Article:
Ask 100 people if they believe in transparency. Every hand will go up. But practicing transparency is another matter.
We seem to have an inborn instinct to conceal the truth when the facts may not smile upon us. In this era of profound interdependency, we need to unlearn that instinct, and we need to do it quickly.
Case in point: COVID-19, the coronavirus crisis. China’s initial reflex was to conceal the outbreak. Bad move. As a result, the world is being systematically tutored in the reality of human mobility, global supply chains, and capital flows. Could the coronavirus have been prevented? Probably not. Could it have been better controlled in the beginning through transparency and collaboration? Absolutely.
The same principle applies to life and business. Be transparent and be transparent early. Overcome the instinct to hide.
Sometimes we’re noble and kind to each other. Sometimes we’re criminally irresponsible. Our track record as a species is, for the most part, a chilling history, a pageant of war, and a chronicle of conquest. We can be benevolent, compassionate, and kind. We can also be, as the Harlem Renaissance poet Langston Hughes put it, “stinkin’, low-down, mean.” Hiding the truth is mean.
It’s time for us to conduct a searching personal and institutional inventory. Why, after thousands of years, are we technologically advanced and yet still sociologically primitive?
Technology Is Dragging Us to Transparency
The irony is that technology is dragging us to transparency. What we’ve made with our hands is forcing our hand. The era of big data, AI, mixed reality, and sensors are disinfecting the darkness with light.
Perhaps the most significant unintended consequence of the technological revolution is the unanticipated death of the very concept of hiding. There are simply fewer places to go to. You can’t hide a virus. You can’t hide malfunctioning software in commercial aircraft, as we saw in crashes involving Boeing’s 737 MAX. You can’t hide a missile strike, as the world witnessed when two Iranian missiles hit Ukrainian Flight 742. If you don’t confess the truth, technology will eventually confess it for you.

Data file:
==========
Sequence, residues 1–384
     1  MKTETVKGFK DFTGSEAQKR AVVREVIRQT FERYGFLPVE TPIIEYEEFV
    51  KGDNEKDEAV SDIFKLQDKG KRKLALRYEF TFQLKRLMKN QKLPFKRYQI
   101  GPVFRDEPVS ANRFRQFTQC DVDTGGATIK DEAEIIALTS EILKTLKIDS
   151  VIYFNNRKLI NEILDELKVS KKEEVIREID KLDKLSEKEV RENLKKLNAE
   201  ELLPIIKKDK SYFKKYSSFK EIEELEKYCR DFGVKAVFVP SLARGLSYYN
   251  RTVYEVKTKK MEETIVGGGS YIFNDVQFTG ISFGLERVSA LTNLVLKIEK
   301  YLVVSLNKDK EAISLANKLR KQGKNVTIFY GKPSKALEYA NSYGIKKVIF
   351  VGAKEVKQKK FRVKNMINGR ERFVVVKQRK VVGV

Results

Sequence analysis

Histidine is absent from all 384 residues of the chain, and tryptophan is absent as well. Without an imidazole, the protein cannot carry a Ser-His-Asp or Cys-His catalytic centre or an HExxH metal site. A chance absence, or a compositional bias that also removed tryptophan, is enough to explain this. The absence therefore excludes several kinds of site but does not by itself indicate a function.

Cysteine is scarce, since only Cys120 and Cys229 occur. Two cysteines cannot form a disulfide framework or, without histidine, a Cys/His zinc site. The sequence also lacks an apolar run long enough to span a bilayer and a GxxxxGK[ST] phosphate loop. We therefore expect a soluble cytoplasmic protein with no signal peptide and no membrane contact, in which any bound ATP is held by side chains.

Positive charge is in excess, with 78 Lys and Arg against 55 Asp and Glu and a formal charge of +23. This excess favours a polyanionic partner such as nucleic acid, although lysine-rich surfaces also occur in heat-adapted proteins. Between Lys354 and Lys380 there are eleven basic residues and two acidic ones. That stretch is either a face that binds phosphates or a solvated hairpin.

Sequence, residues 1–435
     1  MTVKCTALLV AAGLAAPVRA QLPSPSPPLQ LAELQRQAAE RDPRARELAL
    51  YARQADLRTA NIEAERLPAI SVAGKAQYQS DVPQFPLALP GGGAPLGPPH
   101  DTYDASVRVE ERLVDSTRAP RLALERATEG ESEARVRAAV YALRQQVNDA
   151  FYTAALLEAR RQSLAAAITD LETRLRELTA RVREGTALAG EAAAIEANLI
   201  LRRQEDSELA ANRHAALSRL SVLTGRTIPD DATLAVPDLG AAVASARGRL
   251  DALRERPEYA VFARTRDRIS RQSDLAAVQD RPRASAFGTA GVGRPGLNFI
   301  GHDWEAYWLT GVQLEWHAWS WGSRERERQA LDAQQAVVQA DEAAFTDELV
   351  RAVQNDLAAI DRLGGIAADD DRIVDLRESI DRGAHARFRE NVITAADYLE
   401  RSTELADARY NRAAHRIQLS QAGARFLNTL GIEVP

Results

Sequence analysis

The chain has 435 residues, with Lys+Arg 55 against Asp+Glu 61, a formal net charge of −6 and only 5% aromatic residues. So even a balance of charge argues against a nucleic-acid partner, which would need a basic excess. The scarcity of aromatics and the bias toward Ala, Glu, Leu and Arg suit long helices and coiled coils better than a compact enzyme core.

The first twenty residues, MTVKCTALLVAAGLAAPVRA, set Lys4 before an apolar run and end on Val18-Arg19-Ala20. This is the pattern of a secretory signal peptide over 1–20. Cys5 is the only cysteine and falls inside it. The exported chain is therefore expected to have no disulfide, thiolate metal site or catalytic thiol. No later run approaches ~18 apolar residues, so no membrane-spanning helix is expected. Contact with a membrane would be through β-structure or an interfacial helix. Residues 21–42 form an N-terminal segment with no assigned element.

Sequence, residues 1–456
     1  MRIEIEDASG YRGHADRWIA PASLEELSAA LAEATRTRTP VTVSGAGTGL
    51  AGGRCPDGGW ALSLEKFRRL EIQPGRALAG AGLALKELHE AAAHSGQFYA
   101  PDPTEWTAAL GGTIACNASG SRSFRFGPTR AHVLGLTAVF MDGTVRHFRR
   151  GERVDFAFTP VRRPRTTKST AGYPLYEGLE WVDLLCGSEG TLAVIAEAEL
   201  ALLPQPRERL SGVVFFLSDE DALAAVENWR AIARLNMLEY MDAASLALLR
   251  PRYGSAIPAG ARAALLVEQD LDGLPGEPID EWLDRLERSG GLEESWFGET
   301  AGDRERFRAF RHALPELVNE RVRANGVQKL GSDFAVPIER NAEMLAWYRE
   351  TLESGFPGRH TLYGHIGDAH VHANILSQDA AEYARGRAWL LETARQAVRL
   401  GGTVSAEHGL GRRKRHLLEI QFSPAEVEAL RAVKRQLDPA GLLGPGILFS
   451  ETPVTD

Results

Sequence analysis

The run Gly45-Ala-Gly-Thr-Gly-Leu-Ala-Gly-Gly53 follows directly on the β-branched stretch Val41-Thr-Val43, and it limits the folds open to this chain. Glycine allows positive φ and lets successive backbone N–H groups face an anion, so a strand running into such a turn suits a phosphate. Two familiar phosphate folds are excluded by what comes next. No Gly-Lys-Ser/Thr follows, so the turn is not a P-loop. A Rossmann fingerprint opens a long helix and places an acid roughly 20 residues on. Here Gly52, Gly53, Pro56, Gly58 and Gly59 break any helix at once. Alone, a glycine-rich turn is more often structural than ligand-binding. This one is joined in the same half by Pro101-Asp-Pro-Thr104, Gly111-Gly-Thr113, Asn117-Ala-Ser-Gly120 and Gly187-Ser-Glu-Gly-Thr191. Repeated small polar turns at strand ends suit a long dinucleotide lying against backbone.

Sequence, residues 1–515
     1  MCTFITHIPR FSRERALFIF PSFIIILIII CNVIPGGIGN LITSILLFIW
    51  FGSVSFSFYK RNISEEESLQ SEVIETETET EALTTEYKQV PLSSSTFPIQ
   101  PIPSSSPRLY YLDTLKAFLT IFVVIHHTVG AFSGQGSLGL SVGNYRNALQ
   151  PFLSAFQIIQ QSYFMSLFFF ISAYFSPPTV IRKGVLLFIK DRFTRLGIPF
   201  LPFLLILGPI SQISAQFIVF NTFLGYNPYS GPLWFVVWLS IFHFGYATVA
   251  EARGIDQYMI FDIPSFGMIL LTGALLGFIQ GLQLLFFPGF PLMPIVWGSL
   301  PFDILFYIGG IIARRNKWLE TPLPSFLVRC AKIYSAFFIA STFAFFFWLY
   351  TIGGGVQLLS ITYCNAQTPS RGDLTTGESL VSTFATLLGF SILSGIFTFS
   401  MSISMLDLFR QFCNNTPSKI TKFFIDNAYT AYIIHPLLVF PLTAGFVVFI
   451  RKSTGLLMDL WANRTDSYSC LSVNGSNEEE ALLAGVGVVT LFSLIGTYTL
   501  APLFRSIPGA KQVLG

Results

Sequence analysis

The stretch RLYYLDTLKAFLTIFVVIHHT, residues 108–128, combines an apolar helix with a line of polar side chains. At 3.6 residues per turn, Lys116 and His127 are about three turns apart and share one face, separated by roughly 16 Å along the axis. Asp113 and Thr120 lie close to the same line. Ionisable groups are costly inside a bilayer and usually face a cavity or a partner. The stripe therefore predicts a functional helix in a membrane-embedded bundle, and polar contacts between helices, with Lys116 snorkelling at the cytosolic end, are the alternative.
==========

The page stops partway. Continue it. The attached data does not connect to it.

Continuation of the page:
This is a good thing because we could use some help telling the truth.
Truth-Telling in Your Organization
As I work with leaders, I encourage them to foster psychological safety and tolerance for candor in their institutions. I encourage them to abolish the concept of hiding. This is not easy. It requires moral, emotional, and intellectual capacity.
Asking your employees to be transparent—and to scrutinize the status quo—normally injects a degree of conflict, confrontation, creative abrasion, constructive dissent, and chaos. When telling the truth is followed by criticism or punishment, when the intellectual battle turns into interpersonal conflict when fear becomes a motivator, the process collapses, and people go silent. They retreat into personal risk management.
This is a dangerous place to be because the enemy of transparency is arrogance and fear. In a fear-driven environment, we’re prone to conceal mistakes. We try to hide. And then we get stung.
A leader’s most important job—even above creating a vision and setting strategy—is to act in the role of a social architect and give people the respect and permission they need to speak truth to power.
Here are three practical suggestions to cultivate this type of transparency in your organization:
Reward vulnerability. As a leader, you must protect individuals and teams when they are most vulnerable. Ask for specific, honest, and diverse perspectives—and even disagreement—in ways that avoid emotional escalation and destructive social friction. If you reward vulnerability, it will become the norm.
Ask for the bad news. This may seem counterintuitive, but asking for bad news is a way of speeding up the process of identifying areas for correction, experimentation, and even innovation. When there’s bad news, it allows us to challenge the status quo more easily because something is already broken or not working right.
Don’t blame or shame. People make mistakes, and sometimes those mistakes are due to complacency and carelessness. Even in that situation, don’t correct with anger, blame, or shame. Any kind of public ridicule is off-limits. Instead, coach the person to understand his or her mistakes and take responsibility for them. Even candid, corrective feedback can be given respectfully.
The next time your team encounters an organizational coronavirus, overcome the instinct to hide.
Learn more at Leader Factor.